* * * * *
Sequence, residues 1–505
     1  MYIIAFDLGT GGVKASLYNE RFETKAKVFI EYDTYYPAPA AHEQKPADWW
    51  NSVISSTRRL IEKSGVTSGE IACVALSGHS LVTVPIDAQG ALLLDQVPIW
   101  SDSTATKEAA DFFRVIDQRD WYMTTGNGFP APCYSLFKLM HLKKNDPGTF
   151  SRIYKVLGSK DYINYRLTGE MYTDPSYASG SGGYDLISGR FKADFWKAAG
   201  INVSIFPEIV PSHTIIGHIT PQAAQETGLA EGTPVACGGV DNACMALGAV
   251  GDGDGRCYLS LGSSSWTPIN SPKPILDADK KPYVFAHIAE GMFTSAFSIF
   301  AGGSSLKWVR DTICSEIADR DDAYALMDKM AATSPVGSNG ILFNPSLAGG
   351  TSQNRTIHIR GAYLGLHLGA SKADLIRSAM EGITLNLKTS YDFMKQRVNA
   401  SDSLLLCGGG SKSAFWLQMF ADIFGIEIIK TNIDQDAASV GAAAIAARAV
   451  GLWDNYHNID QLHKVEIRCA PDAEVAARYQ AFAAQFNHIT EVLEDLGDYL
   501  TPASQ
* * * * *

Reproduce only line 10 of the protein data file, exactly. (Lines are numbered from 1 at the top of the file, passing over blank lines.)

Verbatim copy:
   401  SDSLLLCGGG SKSAFWLQMF ADIFGIEIIK TNIDQDAASV GAAAIAARAV